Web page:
News in Brief: A Washington Roundup
Tax Bill Includes School Construction Relief
The House has passed a broad-based tax-relief bill that would include some relief for districts facing school construction expenses.
Under HR 4579, the proposed Taxpayer Relief Act of 1998, districts would be allowed to keep revenues earned from local bonds for up to four years rather than the two years now allowed. That would free up about $1.3 billion a year from interest and other revenues earned on school construction bonds, according to the American Association of School Administrators in Arlington, Va.
The Sept. 26 vote fell mainly along party lines, 229-195. President Clinton, who argues that any budget surplus should be used to save Social Security, has announced that he would veto the tax bill, which is supported mainly by Republicans.
One Republican who opposed the tax bill, Rep. Michael N. Castle of Delaware, said during the floor debate that it would be irresponsible to spend the estimated $63 billion tax surplus given signs that the economy is slowing down.
Because of the short amount of time left before Congress adjourns this month, the measure will likely bypass a committee vote and instead go directly before the full Senate,said Christina Pearson, a spokeswoman for the Senate Finance Committee.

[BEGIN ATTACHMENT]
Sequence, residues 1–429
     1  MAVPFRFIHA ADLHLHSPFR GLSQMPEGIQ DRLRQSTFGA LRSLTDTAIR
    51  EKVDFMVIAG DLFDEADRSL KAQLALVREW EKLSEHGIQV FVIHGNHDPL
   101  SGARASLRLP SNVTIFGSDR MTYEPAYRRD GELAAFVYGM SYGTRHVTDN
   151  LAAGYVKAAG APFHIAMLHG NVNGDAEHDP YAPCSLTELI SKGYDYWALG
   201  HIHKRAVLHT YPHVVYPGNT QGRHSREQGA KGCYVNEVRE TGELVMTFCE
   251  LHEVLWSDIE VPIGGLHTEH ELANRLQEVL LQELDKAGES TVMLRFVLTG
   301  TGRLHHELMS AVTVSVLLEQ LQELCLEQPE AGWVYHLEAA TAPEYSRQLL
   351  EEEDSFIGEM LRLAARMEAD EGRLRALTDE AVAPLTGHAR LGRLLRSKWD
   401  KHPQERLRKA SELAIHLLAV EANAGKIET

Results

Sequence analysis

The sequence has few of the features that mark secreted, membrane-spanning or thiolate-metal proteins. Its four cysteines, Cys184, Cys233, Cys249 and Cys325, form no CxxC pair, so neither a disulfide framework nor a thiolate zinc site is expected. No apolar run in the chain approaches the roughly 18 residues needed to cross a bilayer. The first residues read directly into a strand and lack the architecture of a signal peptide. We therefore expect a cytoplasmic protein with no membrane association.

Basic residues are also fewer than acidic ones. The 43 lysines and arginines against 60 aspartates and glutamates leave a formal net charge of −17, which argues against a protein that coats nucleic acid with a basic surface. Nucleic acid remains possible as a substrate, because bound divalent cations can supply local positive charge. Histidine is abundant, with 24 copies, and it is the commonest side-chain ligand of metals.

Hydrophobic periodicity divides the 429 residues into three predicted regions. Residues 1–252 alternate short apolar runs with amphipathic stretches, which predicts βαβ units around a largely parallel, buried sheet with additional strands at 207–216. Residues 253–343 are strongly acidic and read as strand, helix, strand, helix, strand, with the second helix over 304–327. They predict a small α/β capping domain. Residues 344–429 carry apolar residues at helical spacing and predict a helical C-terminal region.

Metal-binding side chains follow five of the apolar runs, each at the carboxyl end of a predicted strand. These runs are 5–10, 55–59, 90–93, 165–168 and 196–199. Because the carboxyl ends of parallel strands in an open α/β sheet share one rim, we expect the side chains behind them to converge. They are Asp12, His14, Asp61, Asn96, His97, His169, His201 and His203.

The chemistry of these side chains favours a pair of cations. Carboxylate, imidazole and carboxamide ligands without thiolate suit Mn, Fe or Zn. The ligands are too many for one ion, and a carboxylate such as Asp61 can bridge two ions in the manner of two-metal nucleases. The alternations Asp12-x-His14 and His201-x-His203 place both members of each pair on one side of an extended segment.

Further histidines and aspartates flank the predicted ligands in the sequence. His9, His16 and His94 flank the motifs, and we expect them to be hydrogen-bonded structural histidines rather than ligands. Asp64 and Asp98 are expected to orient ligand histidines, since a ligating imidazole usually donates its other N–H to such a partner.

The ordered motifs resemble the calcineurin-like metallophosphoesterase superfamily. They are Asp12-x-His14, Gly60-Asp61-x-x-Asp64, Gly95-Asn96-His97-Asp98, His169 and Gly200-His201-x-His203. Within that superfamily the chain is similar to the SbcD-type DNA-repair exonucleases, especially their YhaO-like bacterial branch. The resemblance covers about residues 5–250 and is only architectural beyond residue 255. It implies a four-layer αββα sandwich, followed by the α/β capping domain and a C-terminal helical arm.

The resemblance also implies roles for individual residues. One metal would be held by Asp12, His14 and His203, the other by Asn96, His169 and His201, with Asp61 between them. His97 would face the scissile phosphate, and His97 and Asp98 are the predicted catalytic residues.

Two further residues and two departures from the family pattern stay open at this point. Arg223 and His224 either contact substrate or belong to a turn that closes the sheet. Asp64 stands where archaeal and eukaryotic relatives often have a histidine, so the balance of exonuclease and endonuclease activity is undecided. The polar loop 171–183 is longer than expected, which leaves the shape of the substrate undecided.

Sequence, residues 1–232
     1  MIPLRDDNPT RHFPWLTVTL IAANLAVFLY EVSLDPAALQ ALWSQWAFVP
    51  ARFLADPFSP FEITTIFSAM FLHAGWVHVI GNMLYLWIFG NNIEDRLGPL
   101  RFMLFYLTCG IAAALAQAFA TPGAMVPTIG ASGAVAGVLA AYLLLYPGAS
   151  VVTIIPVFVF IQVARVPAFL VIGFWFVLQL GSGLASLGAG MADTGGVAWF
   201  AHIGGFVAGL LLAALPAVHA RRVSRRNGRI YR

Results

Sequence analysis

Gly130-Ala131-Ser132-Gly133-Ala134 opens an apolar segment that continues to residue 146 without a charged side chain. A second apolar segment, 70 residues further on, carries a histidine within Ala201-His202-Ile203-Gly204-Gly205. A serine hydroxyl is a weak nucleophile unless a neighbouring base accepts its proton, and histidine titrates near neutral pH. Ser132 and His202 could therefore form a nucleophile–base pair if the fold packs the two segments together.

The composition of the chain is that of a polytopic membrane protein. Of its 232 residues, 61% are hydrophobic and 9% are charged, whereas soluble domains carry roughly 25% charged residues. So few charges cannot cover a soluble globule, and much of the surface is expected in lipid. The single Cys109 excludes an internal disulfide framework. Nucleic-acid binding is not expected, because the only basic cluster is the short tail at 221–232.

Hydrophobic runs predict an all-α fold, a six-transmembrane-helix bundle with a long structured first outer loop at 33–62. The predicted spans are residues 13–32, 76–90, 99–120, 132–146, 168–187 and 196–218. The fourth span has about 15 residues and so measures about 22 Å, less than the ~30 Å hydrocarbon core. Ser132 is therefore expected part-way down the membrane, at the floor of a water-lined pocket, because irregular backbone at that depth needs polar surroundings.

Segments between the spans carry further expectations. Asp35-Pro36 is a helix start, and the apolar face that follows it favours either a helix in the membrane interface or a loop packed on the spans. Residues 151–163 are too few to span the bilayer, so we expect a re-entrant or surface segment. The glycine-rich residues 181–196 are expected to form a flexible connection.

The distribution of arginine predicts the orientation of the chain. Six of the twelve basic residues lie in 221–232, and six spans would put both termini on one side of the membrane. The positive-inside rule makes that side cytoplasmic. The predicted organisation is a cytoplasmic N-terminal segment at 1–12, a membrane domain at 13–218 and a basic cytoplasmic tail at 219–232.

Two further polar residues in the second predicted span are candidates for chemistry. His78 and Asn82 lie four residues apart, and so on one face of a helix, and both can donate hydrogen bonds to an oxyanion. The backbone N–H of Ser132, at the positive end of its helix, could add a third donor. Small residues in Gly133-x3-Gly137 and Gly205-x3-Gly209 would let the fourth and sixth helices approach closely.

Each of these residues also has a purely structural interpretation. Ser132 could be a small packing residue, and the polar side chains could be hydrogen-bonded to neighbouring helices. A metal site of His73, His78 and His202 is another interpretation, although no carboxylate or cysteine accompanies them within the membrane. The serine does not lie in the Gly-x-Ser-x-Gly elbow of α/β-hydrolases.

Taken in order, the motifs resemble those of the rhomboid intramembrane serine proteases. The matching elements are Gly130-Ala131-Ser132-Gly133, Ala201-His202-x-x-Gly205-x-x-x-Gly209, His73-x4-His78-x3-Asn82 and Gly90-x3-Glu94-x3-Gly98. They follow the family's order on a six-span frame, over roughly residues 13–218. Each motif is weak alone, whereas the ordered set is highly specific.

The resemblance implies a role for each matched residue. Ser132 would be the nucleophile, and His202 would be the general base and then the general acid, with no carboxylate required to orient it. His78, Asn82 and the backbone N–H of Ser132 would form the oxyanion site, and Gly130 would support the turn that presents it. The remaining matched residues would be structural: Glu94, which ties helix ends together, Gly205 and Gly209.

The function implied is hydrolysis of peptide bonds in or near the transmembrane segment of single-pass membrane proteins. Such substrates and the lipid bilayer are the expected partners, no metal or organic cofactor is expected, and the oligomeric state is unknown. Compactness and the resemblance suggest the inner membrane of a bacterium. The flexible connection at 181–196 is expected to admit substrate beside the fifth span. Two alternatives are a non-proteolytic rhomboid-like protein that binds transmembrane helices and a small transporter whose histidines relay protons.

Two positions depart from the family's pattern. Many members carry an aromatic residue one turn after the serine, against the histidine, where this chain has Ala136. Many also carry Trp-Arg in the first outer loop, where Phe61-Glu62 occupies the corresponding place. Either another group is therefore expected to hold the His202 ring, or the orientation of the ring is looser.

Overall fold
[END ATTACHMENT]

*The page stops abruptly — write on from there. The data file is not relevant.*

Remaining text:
--JOETTA L. SACK
ED Unveils Effort To Promote After-School Programs
The Department of Education is joining with media and entertainment figures to promote after-school programs, an idea that a recent poll says is popular with the public.
Secretary of Education Richard W. Riley announced the initiative late last month at a Washington junior high school, where he was joined by members of Congress and representatives of the Charles Stewart Mott Foundation and People magazine.
The groups will work together to organize events and advertisements to encourage more districts and schools to host after-school activities. Television personality Leeza Gibbons will serve as the effort's spokeswoman.
"I have not seen so much support for any idea since sliced bread," said Mr. Riley in his announcement. "We know that children's minds are working all the time, and we must give these young minds as many opportunities to grow and learn as we can."
Mr. Riley also cited a survey of 800 registered voters by the Flint, Mich.-based Mott Foundation, which found that 93 percent of the respondents supported the expansion of after-school programs for all children. Eighty percent of the respondents also said they were willing to pay more in taxes to help support such programs.
--JOETTA L. SACK
Vol. 18, Issue 6, Page 26Published in Print: October 7, 1998, as News in Brief: A Washington Roundup